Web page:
The not-so-good news is that the moral significance of compliance with social demands, justified by custom and tradition, is still heavily overestimated. With variations, Bradley’s “my station and its duties” is understood as a thesis that, because of our social nature, we achieve our self-realization only when we are a part of a social whole,8 and that our duties come from the station we occupy.9 It is a position of conformity to the rules and customs of one’s society. Warnock sums up the dominant interpretation of ES saying that: “The concept of ‘My Station and its Duties’ is the core of Bradley’s moral theory. The last two essays … are devoted to further elaboration of this notion” (1971, p. 9). With modifications, this view consists of a belief that the MSID theory, after acknowledgment of its limitations, is mostly accepted by Bradley with some corrections or additions that are described in Essay VI under the title “Ideal Morality”.

Here are some examples of the dominant interpretation. According to Wollheim, Bradley offers an “extended” MSID theory, according to which “[t]he first and … most important contribution [to the good self] comes from one’s station and its duties” (1969, 246–47). Candlish suggests that Bradley, acknowledging its problems, accepts the MSID theory, as it overcomes the gap between ought and is, while believing that this resolution is incomplete (1978, pp. 163–4). For Nicholson, Bradley, despite believing that the MSID theory cannot explain the content of our ideal selves, does not reject the MSID theory because it “supplies the larger, and the most important, part of [their] content” (1990, p. 33). Bradley’s message is that “the actual sphere of the objective world of station and duty” must be “amended by the ideals of its own improvement that grow out of itself, and… supplemented by non-social ideals” (Nicholson 1990, pp. 34-5). Mander takes a similar stance, saying that Bradley, albeit admitting “‘very serious objections’ to his theory” because “there is more to ethics than just my station and its duties”, claims that it is the most important content of the good self, to which are ‘added’ social ideals or aspirations and the pursuit of truth and beauty (2011, pp. 190-1).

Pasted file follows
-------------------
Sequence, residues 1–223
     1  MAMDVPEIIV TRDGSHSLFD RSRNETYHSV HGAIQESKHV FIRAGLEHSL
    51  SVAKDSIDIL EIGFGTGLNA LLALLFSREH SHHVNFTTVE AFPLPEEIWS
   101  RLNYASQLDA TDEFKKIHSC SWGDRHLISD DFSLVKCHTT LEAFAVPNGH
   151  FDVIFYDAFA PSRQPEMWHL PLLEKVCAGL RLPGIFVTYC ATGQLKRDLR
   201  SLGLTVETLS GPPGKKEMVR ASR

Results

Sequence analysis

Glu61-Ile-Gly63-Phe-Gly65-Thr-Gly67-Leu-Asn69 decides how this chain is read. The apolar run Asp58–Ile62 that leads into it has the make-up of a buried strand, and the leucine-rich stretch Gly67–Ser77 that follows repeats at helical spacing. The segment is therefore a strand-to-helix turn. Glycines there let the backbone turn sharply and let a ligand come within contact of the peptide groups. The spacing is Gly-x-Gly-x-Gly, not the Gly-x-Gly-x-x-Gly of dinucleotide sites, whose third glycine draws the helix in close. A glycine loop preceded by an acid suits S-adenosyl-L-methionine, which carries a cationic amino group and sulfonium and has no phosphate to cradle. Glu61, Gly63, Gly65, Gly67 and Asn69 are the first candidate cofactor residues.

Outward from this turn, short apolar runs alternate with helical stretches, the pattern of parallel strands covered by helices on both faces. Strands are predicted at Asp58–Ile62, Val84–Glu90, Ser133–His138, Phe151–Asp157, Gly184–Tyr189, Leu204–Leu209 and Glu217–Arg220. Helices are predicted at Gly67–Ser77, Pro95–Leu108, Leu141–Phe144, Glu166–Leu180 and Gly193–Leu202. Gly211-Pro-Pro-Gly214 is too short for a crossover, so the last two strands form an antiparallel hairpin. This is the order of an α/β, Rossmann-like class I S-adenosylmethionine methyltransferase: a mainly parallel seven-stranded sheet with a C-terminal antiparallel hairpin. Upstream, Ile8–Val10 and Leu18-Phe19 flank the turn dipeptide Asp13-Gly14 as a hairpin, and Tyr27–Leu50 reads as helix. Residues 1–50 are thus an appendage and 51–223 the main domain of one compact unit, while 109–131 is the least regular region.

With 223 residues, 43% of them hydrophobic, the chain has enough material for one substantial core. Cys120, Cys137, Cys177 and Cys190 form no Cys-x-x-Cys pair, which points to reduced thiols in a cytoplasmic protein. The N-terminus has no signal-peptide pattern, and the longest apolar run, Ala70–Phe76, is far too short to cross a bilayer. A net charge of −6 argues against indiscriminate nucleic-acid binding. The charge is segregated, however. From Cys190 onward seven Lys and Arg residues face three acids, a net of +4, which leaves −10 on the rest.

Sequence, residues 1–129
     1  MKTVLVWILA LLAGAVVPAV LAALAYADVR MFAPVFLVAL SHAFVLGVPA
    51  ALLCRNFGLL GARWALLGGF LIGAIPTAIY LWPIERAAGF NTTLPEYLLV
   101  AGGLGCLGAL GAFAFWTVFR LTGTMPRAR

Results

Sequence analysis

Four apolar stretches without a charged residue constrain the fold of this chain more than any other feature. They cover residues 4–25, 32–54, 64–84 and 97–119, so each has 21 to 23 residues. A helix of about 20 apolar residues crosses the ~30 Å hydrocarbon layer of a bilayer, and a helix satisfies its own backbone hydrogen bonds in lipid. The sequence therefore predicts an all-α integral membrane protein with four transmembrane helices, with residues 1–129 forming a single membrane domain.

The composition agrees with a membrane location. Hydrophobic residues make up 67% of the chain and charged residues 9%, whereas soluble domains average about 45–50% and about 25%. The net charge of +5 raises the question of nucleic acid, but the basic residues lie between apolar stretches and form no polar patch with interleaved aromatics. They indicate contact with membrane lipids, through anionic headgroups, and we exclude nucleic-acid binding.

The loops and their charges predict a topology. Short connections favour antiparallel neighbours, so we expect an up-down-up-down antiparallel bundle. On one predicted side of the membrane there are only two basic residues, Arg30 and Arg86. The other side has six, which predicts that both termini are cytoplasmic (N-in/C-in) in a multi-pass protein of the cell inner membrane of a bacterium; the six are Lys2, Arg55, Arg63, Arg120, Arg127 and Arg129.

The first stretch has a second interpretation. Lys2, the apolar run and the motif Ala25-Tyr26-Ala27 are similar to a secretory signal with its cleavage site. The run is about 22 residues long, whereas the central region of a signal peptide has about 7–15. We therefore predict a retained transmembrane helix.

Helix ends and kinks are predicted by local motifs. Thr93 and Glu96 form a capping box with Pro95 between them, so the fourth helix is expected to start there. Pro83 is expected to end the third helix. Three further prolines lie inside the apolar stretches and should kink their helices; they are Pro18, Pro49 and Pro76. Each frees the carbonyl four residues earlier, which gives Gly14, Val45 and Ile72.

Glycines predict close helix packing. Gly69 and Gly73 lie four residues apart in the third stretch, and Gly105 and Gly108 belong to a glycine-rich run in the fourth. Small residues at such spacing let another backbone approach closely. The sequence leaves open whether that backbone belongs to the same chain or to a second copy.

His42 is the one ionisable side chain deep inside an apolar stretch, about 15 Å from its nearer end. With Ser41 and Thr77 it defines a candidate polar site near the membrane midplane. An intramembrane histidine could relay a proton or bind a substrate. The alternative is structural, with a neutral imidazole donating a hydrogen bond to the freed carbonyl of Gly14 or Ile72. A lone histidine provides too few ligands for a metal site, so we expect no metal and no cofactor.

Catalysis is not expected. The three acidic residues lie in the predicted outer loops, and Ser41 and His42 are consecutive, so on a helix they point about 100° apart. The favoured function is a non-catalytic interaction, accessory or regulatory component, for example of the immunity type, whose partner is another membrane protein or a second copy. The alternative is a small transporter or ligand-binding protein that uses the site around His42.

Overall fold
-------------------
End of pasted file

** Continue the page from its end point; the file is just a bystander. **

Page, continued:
This prevailing approach has a weakness. It underestimates the fact that Bradley identifies serious problems with the MSID theory and fails to explain how Bradley “amends” the MSID theory in order to make it plausible as a moral theory. Many questions are left unanswered: Is it implied that Bradley’s non-social duties are supererogatory? Or are they prima facie duties? Or is Bradley understood as latently proposing that there are “two moralities”, i.e. social and ideal? It is doubtful that mere “supplementing” can make MSID a plausible moral theory. The dominant view either takes Bradley’s objections to the MSID theory too lightly, or assumes that Bradley does not consider them morally significant. This leads to a fundamental confusion about Bradley’s ethics, which, with such an approach, appears to lack satisfactory resolution of the problems with the MSID theory. Nicholson and Mander try to strengthen what appears to be a weakness in Bradley’s position by saying that he reserves a way to override social morality in case it turns out to be based on corrupted principles. Norman goes as far as to conclude that Bradley’s normative claims are unsustainable and must be revised (1983, p. 155).10 Similarly, Banchetti (1992) and Bell (1984) believe that in ES the moral point of view is inherently contradictory and no fully satisfactory moral theory is possible. Daly (1963) concludes Bradley’s ethics is undeveloped, while Brink thinks Bradley is in danger of “moral parochialism” (2007, p. 112).

I suggest, that the problem with the dominant view is that it fails to sufficiently differentiate MSID theory’s normative thesis, which Bradley rejects, and the revised MSID thesis, which he accepts. As a result, the moral significance of the ideal point of view is downplayed, and the fact that the first component of the moral ideal is a normative concept (referring to norms of interpersonal relationships) and not a descriptive concept (referring to positional duties) is overlooked.

There is an approach better equipped to address these problems; it downplays the moral significance of “my station and its duties” in ES, identifying the moral with the ideal point of view. For example, MacNiven (1996) argues that, in ES, personalism is a higher step in one’s moral development compared to institutionalism (conformity to social rules).11 Under personalism,

morality becomes self-conscious, critical, and personal. This is the stage of the fully mature moral agent, who is a self-legislating moral being, interpreting social roles in the light of general moral principles like respect for persons, benevolence, fairness, respect for life, and self-perfection... This is the stage of ideal morality. Ideal morality is “no longer relative to the societies in which we live”. (MacNiven 1996, pp. 100-1)

James Bradley suggests that the MSID theory, which “represents the first theoretical elaboration of the nascent vocational ethic of service which went hand-in hand with the newly emergent ‘professions’” and is based on “the ethical self-definition of the expanding professional middle-classes in order to secure … the ‘organic’ interpretation of self and society” is “condemned” in ES, inter alia, because Bradley “finds it impossible ethically to legitimate any prevailing social order” (1996, pp. 60-1). Ilodigwe argues that ES promotes an ethical theory that is capable of embracing social and personal points of view. According to Ilodigwe, Bradley introduces the ideal “in terms of which the legitimate demands of these varied regions of the self [empirical, transcendental, and social] are realised” and denies that “the realisation of the social self necessarily [is] the realisation of the ideal self, except the social self is in conformity with its ideal self” (2004, p. 68).12